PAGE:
It should go without saying, but there is no cell phone service or internet connection and a Garmin In Reach could save a life. Upon arrival, you can find updated trail conditions posted at the campground and Le Relais Day Shelter, as well as a few snacks, postcards for purchase, and world famous Carrot Cake.
Some of the trail work done by early members of the ACC make the hikes worthy visitations alone. A particular highlight for us is the stonework that leads past Lake Oesa to Abbot Pass. It’s possible to combine all of these hikes for large circuits.
Best Hikes Around Lake O’Hara
- Lake McArthur
- Lake Oesa
- Huber Ledges
- Opabin Plateau
- Alpine Circuit
- Cascade Lakes
- Wiwaxy Gap / Huber Ledges
- Yukness Ledges
- All Soul’s Prospect
- Abbot Pass
- Odaray Grandview*
** There are several alpine routes around Lake O’Hara marked by cairns and also marked by painted blue and yellow square symbols. They are harder hikes that may involve some scrambling and route finding. Because they are higher in elevation some of them involve hiking near avalanche chutes that can become dangerous if there is still snow lingering. For instance, we attempted the Yukness Ledges in early July and had to turn around due to snow. Alpine routes should only be attempted by experienced hikers who have experience hiking in the Canadian Rockies.
Lake O’ Hara Trail Descriptions
Lake O’Hara Shoreline Trail
- Length: 2.8 km
- Elevation gain: minor up and down, mostly nothing to note
The Lake O’ Hara Shoreline is an easy trail that navigates around the entire lake. It’s best for families and people of limited mobility as there is very little elevation gain. You can start this shoreline hike at the O’Hara Warden Cabin and go across the Cataract Brook via the bridge. Go past the Huber Ledges/Wiwaxy Gap trail sights and continue along the lake.
Lake Oesa Trail
- Easy to Moderate
- Length: 3.2 km to lake
- Elevation Gain: 240 meters
This is a quintessential Lake O’Hara hike that really begins near the eastern end of Lake O’ Hara. To reach Lake Oesa ascend the switchbacks to the top of the cliff. Once at the top there is a wide talus that is pretty straightforward, you’ll then get to the stone steps and notice the Lawrence Grassi plaque.
Continue through the meadows and climb the grassy globe. You’ll then see a trail that will lead you to the tilted rock slabs and in front of you Lake Oesa. If you can only do one moderate hike near Lake O’ Hara make it this one.
Opabin Plateau Circuit
- Easy to Moderate
- Length: 5.9 km round trip
- Elevation Gain: 250 meters
This is a popular Lake O’Hara hike as the viewpoint is one of those Instagram photos you’ll get lots of likes for. It’s also fairly easy and a good short hike that you combine with a day of hiking into Lake O’Hara on the access road. Opabin Plateau is a hanging valley above Lake O Hara. You can start from either West Opabin Trail and East Opabin Trail and end in the opposite making it a full loop.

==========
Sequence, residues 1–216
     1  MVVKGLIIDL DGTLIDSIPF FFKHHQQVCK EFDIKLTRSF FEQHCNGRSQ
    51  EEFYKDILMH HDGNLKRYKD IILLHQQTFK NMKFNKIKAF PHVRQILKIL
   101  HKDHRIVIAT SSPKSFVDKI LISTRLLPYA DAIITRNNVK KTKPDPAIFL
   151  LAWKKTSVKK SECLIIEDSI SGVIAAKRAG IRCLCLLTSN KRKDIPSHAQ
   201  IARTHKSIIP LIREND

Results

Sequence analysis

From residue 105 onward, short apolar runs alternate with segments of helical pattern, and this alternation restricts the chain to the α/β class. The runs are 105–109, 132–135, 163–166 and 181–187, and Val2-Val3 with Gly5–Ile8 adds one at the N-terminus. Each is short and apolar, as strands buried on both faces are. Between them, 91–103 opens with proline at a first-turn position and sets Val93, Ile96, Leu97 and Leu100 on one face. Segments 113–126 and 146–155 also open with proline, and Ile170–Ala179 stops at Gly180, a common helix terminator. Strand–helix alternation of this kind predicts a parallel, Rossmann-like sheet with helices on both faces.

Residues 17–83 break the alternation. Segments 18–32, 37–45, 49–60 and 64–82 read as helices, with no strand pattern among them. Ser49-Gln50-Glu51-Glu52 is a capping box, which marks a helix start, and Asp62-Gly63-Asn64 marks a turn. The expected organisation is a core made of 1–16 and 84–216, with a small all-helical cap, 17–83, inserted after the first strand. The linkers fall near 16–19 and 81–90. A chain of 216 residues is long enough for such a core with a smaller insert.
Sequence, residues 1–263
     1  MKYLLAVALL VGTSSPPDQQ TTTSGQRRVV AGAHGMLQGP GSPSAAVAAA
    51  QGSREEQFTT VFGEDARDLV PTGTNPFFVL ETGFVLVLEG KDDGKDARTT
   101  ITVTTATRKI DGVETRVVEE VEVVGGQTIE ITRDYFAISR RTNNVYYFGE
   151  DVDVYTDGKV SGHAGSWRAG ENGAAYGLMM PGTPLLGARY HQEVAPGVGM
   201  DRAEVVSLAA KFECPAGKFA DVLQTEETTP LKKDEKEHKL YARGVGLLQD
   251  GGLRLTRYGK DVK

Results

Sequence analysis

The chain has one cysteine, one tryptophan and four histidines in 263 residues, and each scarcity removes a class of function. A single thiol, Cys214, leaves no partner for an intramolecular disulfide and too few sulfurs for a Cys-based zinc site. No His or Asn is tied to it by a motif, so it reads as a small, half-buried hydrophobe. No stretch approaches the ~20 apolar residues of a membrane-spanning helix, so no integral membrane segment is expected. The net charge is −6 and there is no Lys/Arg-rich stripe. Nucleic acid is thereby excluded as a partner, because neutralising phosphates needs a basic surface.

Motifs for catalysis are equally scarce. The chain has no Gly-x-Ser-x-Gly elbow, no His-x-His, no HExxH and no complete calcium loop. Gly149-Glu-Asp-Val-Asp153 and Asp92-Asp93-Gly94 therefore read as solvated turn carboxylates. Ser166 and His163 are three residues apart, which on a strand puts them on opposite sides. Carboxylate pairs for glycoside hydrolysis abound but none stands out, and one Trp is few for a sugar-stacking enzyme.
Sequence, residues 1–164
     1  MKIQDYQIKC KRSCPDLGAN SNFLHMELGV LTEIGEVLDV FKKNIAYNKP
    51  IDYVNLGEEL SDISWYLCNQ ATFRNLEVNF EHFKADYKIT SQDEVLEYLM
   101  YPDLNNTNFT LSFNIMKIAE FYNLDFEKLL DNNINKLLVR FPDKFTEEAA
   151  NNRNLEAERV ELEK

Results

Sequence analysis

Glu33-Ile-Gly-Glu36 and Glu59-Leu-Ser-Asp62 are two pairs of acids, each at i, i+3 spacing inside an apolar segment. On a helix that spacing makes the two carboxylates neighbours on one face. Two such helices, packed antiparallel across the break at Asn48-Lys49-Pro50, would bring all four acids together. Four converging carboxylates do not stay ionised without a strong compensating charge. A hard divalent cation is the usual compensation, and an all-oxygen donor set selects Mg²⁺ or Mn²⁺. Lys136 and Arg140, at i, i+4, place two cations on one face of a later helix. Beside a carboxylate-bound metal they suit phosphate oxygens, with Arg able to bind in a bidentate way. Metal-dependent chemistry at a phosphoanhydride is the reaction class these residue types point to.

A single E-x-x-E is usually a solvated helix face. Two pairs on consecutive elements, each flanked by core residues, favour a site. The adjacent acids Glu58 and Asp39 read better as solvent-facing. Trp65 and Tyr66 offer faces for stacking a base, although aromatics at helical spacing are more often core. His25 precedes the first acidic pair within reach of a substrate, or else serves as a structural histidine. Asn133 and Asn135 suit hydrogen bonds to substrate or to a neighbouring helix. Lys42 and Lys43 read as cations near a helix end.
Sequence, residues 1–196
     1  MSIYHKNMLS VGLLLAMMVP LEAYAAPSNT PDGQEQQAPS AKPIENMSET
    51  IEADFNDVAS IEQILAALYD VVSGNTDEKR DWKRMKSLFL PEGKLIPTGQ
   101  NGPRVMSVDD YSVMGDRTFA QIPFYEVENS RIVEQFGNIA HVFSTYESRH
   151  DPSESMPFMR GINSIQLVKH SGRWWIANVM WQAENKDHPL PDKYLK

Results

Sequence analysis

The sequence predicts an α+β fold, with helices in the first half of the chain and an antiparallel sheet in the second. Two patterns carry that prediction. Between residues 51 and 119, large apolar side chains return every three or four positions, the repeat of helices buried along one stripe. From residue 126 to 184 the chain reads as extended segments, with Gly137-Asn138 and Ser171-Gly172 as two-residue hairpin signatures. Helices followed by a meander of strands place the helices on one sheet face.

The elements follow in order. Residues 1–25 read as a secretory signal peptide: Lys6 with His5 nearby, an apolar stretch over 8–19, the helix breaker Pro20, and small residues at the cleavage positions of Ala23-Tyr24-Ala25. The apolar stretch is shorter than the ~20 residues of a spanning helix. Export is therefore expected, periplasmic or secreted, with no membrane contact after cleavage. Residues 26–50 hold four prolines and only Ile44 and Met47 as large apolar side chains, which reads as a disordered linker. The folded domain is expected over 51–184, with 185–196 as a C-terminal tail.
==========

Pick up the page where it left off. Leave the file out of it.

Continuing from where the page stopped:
McArthur Pass, and Lake McArthur trails
- Length: 8 km round trip
- Elevation gain: 310 m
Another great trail if you had to day hike in and don’t have a ton of extra pep in your step for lots of hiking and elevation gain. This trail passes by Lake McArthur and provides epic vistas. The trail begins at the Relais Day Shetler and heads west from there. Pass the meadow where the Elizabeth Parker hut, you’ll pass plenty of larch trees and cross a bridge over Schaffer Creek before a junction.
You’ll take that south and continue along the Lake McArthur circuit before reaching the summit of McArthur Pass. The trail forks and you’ll be able to get to Lake McArthur via the Low-Level Trail along a rock ledge. McArthur Lake is one of the most beautiful areas we’ve seen in all the Rockies.
All Souls Route
- Length: 9.5 km
- Elevation Gain: 794 meters
The hike goes along the base of Yukness Mountain and opens up to jaw dropping vantage points back out over the valley, Lake O’Hara, and Mount Odaray. It is essentially a full look around all the main sights including Lake Oesa and Opabin Plateau. It’s a long day if you combine with the hike in and out on the access route, but it’s simply amazing and worth the cramped feet. A true highlight is to witness this area in September during the larch season.
Things to Know About Lake O’Hara
Navigating Lake O’ Hara
- We were pleasantly surprised with how well signposted the Lake O’Hara area was. Make sure to download the Parks Canada map before you venture back.
- It’s important to have a plan before setting out around Lake O Hara. It’s not the place to get lost, and we recommend planning your trails with a map beforehand.
- AllTrails has extensive hike information for many of the hikes around Lake O’Hara. I would suggest downloading these maps to your phone after studying as there is no service to do so once at Lake O’Hara.
- Maps.me app is also a great option for keeping track of where you are without service.
- Relais Shelter and Lake O’ Hara Campground also have a map and information about the hikes. Make sure you study it and that your phone is charged so you can take a photo of it and carry it with you.